It represents God as having all the attributes of supreme Deity. He created the world by His direct power and for the revelation of His glory to His creatures. Man, according to the Aryas, came not by evolution nor by any of the processes known to Hindu philosophy, but by direct creation from existing atoms.

In all this it is easy to see that much has been borrowed from the Christian conception of God's character and attributes, but the value of this Aryan testimony lies in the fact that it claims for the ancient Vedas a clear and positive monotheism.

If we consult the sacred books of China, we shall find there also many traces of an ancient faith which antedates both Confucianism and Taouism. The golden age of the past to which all Chinese sages look with reverence, was the dynasty of Yao and Shun, which was eighteen centuries earlier than the period of Confucius and Laotze. The records of the Shu-king which Confucius compiled, and from which unfortunately his agnosticism excluded nearly all its original references to religion, nevertheless retain a full account of certain sacred rites performed by Shun on his accession to the full imperial power. In those rites the worship of One God as supreme is distinctly set forth as a "customary service," thereby implying that it was already long established.

Separate mention is also made of offerings to inferior deities, as if these were honored at his own special instance. It is unquestionably true that in China, and indeed in all lands, there sprang up almost from the first a tendency to worship, or at least to fear, unseen spirits.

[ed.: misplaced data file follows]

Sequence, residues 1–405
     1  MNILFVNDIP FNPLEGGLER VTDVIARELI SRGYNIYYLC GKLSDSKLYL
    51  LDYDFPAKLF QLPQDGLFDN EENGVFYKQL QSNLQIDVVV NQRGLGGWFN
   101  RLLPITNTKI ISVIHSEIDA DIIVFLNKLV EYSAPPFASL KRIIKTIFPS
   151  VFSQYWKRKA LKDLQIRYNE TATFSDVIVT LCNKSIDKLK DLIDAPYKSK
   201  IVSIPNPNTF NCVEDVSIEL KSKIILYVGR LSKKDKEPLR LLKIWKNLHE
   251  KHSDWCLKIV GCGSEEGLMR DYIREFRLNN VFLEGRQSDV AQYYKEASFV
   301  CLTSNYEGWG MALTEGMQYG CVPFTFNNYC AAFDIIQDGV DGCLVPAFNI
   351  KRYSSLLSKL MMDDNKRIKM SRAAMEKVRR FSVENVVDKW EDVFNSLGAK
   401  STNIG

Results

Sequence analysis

This tendency has coexisted with all religions of the world--even with the Old Testament cult--even with Christianity. To the excited imaginations of men, especially the ignorant classes, the world has always been a haunted world, and just in proportion as the light of true religion has become dim, countless hordes of ghosts and demons have appeared. When Confucius arose this gross animism had almost monopolized the worship of his countrymen, and universal corruption bore sway. He was not an original thinker, but only a compiler of the ancient wisdom, and in his selections from the traditions of the ancients, he compiled those things only which served his great purpose of building up, from the relations of family and kindred, the complete pyramid of a well-ordered state in which the Emperor should hold to his subjects the place of deity. If such honor to a mortal seemed extravagant, yet in his view a wise emperor was far worthier of reverence than the imaginary ghosts of the popular superstitions. Yet, even Confucius could not quite succeed in banishing the idea of divine help, nor could he destroy that higher and most venerable worship which has ever survived amid all the corruptions of polytheism. Professor Legge, of Oxford, has claimed, from what he regards as valid linguistic proofs, that at a still earlier period than the dynasty of Yao and Shun there existed in China the worship of one God. He says: "Five thousand years ago the Chinese were monotheists--not henotheists, but monotheists"--though he adds that even then there was a constant struggle with nature-worship and divination.[140]